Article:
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Maureen Charlton
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Could you confirm whether or not it is bad practice to use multiple try blocks?

i.e I would like to put the following in the try and catch block



I have NOT come across the use of multiple try blocks. Is there a reason for this?

AND if multiple try blocks are bad practice? What do you do as an alternative? Do you repeat the catch block in another try block?
 
marc weber
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Actually, I've read that nesting try/catch blocks can be a good idea because it makes the code easier to read. It's clear what each block is "trying" and what it's intended to "catch."

Note, however, that each try block needs an associated catch or finally.
[ April 15, 2005: Message edited by: marc weber ]
 
marc weber
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Now that I look at your code again, I'm confused about why you're doing this. Character.isDigit(char c) doesn't throw anything. So are you really looking for something like this...?
 
Maureen Charlton
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marc, as always thank you for your reply. Much appreciated!

I tried the following code:



But I get the following error:

C:\java\PoliceDatabase>javac TestApp.java
.\VehicleRecord.java:426: 'try' without 'catch' or 'finally'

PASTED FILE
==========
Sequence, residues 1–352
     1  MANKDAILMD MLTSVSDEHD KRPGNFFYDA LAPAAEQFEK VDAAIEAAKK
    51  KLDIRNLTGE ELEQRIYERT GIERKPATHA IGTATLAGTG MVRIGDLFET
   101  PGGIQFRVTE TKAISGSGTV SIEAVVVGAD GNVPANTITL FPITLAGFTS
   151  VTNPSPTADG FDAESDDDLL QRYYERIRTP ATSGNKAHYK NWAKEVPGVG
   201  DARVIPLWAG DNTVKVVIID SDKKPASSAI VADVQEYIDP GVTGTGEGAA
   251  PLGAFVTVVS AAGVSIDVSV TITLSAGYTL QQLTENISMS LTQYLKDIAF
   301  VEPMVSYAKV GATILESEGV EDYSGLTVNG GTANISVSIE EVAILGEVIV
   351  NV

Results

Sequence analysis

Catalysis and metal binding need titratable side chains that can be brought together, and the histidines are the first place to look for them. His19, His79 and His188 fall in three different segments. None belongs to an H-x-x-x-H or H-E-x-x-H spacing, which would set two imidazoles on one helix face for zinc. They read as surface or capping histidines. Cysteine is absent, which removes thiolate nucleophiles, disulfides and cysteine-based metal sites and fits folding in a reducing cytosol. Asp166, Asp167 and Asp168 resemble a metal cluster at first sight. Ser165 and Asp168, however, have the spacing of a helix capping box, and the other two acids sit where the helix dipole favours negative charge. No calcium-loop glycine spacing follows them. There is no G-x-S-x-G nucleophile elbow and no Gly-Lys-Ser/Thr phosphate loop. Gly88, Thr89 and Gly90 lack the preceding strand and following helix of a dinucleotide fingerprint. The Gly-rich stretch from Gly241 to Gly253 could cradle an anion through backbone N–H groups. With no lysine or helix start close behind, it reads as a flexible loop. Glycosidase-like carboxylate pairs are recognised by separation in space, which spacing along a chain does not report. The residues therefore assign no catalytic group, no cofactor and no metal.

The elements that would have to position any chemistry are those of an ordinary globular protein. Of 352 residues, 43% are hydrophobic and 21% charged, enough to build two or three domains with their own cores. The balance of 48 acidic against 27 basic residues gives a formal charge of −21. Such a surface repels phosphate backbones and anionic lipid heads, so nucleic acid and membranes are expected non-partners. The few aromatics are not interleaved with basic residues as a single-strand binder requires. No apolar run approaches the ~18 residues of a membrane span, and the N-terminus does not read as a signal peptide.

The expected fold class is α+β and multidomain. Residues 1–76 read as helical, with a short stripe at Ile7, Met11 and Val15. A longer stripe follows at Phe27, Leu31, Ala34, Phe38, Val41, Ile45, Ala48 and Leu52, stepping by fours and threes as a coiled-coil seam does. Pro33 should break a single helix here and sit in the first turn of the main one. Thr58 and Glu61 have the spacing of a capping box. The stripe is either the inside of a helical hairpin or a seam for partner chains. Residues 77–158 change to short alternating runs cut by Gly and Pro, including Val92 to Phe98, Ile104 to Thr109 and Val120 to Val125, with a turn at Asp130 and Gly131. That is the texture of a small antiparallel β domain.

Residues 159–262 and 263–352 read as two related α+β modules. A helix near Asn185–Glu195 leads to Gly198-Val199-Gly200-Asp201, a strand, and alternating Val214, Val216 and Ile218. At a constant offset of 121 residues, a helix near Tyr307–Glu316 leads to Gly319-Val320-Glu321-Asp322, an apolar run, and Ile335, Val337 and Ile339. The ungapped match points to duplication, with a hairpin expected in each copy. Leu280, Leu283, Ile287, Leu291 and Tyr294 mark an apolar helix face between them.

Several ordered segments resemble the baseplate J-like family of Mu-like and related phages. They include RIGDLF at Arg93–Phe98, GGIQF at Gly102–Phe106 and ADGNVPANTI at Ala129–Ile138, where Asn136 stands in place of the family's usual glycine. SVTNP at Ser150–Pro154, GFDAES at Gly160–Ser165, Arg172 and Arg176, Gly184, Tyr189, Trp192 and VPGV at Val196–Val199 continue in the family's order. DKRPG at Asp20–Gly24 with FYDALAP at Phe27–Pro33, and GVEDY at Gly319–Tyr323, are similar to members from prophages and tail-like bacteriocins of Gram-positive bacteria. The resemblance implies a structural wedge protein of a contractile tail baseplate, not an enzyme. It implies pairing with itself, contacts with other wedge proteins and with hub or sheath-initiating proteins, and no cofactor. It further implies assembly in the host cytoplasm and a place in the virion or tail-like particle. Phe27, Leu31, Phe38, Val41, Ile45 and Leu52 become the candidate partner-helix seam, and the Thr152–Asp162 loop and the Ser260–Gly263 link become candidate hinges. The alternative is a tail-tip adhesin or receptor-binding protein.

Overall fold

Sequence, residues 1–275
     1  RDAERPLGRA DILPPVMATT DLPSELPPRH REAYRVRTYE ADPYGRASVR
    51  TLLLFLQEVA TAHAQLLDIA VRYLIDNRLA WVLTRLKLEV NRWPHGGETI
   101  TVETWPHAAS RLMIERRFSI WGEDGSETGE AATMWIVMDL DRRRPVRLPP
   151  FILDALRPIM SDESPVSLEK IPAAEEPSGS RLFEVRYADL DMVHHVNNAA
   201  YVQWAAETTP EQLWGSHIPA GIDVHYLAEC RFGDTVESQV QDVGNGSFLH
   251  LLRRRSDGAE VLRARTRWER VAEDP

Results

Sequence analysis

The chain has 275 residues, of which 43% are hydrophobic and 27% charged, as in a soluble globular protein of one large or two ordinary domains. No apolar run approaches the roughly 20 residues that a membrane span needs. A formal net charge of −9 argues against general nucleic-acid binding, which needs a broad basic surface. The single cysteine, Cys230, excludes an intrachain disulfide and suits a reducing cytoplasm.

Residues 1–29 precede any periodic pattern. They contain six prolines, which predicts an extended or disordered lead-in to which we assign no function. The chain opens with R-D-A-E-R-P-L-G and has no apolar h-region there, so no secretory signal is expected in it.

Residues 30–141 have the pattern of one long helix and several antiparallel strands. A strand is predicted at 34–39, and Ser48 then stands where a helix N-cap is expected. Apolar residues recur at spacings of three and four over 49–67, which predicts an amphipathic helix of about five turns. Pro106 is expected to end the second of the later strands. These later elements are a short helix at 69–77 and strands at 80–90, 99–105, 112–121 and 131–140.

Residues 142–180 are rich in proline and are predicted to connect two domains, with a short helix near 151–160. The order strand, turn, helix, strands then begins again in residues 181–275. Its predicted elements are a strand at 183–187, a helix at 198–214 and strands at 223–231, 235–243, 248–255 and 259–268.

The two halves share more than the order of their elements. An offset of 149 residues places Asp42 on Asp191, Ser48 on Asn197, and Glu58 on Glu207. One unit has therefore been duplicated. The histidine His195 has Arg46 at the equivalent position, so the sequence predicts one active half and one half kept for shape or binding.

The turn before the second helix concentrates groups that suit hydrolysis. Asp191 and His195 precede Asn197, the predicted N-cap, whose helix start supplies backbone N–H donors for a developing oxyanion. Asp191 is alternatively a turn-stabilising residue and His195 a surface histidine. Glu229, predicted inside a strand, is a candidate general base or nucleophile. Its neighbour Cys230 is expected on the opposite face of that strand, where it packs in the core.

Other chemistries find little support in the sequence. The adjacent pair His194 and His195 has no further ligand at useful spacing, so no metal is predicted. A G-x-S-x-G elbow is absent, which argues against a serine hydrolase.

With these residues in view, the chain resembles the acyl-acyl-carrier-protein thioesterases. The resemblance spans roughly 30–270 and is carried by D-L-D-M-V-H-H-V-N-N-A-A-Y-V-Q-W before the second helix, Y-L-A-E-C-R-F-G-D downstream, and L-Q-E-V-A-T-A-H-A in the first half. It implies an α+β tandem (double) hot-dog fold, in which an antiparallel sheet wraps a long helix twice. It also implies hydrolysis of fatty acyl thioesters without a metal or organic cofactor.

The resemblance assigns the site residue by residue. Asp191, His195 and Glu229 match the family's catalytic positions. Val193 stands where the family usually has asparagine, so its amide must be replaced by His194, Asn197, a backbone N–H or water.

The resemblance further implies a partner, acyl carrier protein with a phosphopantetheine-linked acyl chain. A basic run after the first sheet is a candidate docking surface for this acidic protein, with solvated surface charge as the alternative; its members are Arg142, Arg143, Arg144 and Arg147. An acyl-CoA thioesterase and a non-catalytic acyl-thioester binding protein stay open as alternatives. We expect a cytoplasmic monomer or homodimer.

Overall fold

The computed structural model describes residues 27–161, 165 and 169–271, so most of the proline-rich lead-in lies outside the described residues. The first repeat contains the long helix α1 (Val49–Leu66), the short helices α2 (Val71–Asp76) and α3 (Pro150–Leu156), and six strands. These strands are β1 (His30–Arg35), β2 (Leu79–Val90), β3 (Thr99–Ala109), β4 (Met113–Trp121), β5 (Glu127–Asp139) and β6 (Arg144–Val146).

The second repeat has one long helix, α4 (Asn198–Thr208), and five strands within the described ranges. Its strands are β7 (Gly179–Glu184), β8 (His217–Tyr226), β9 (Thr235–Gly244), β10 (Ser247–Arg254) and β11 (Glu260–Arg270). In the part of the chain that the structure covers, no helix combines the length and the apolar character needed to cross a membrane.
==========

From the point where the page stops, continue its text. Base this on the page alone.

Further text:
try {
^
1 error

Surely the catch block catches both try blocks?
 
Ryan McGuire
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(Edit: made the last code example use nested trys)

A couple things.
  • Character.isDigit() doesn't throw an Exception if the charactr isn't a digit. It just returns false.
  • A try/catch block will catch Exceptions from any statment that throws an Exception.


  • So your code should be modified to...

    However, let's say that you use methods that might throw an exception:


    The "catch" will catch any exception thrown by either of the parseInt() calls.

    When would you nest try/catch blocks? I could see it when trying to do file or network I/O.

    Pseudocode:


    But notice that each try has its own catch. One catch cannot "service" more than one try.

    HOWEVER...
    One try may have more than one catch:


    There, that ought to be more than you wanted to know.

    Ryan
    [ April 15, 2005: Message edited by: Ryan McGuire ]
     
    marc weber
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    Each try requires its own catch or finally.

    You could do something like this...

    Note that you can put as many statements as you need within the try block. You don't need a separate "try" for each one.
     
    Maureen Charlton
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    You guys are so great! Many, many thanks!

    Your examples and explaination were brill.
     
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